I’m talking specifically about the no-knead yeasted dough I’m using to make this focaccia pizza. The dough itself is incredibly versatile. You can shape it into a ball, let it rise, then bake it in a preheated Dutch oven for a rustic orb of crusty, delicious peasant bread. You can also throw it into a buttered loaf pan for a sandwich loaf that holds up enough for the sauciest burger/French dip/grilled cheese and also makes the best morning toast.
The fluffiest, most ethereal pita, too.
You can also—as we’re doing today—lovingly stretch and dimple it in a well-oiled, rimmed baking sheet for deliciously tender yet sturdy base for focaccia pizza (if you wanted, you could just drizzle it with oil, top it with herbs/parmesan/sun-dried tomatoes or sliced onions, and have regular old focaccia, but since you’ve come this far, why not make pizza?).
The dough itself could not be easier. You mix flour (I prefer higher protein bread flour for extra chew, but AP will also work), yeast, salt, and room temperature water in a large bowl.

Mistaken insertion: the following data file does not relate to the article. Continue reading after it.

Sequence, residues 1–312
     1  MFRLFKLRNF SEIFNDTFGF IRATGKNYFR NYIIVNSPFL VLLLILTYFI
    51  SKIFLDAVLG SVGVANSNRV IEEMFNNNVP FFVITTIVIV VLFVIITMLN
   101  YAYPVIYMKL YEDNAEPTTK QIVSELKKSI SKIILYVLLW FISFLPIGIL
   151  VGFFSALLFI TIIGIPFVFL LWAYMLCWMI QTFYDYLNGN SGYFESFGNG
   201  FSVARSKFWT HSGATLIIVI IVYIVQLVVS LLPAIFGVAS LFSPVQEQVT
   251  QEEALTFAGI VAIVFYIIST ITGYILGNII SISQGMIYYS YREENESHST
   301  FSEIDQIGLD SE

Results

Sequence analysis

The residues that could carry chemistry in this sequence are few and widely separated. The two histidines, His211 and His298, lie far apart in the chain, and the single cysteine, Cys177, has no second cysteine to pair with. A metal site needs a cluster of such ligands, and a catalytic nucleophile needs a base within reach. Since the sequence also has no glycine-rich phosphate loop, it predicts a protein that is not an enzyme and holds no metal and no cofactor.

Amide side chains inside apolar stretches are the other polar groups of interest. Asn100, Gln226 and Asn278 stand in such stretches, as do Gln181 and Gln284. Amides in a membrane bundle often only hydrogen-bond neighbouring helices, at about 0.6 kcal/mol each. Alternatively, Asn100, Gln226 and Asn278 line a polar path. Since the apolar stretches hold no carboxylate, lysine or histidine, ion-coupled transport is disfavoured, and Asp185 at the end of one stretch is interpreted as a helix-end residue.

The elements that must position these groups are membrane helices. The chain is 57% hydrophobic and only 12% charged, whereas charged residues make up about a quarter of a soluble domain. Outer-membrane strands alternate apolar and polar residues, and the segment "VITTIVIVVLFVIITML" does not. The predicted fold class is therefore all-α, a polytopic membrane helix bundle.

Mix with a wooden spoon or spatula until it comes together (it’ll be shaggy at first, then cohesive—don’t worry about overmixing), then cover the bowl tightly. In terms of kneading, there is none. You’re done.
Now here’s where you get to do some self-evaluation and figure out exactly how patient you want to be. If you want to serve the pizza (or bread/pita/focaccia) on the same day you make the dough, let it rise for four hours in a warm place (I’ve found that my turned-off microwave is the perfect spot for dough rising, but an oven that’s been heated briefly then turned off will work too—if you’re making this in July, as I am, your kitchen counter might also be plenty warm). If, however, you’re willing to wait for 8-12 hours, put the covered bowl into your refrigerator and forget about it until a couple of hours before you’re ready to bake it, at which point you’ll take it out of the fridge and let it come to room temperature. It’ll be puffed and bubbly.
When you’re ready to prep the crust for pizza, carefully deflate the dough with two forks—one in each hand—and gently pulling the dough from the edge of the bowl toward the center, repeating for 3 quarter turns until the dough folds into itself to form a ball.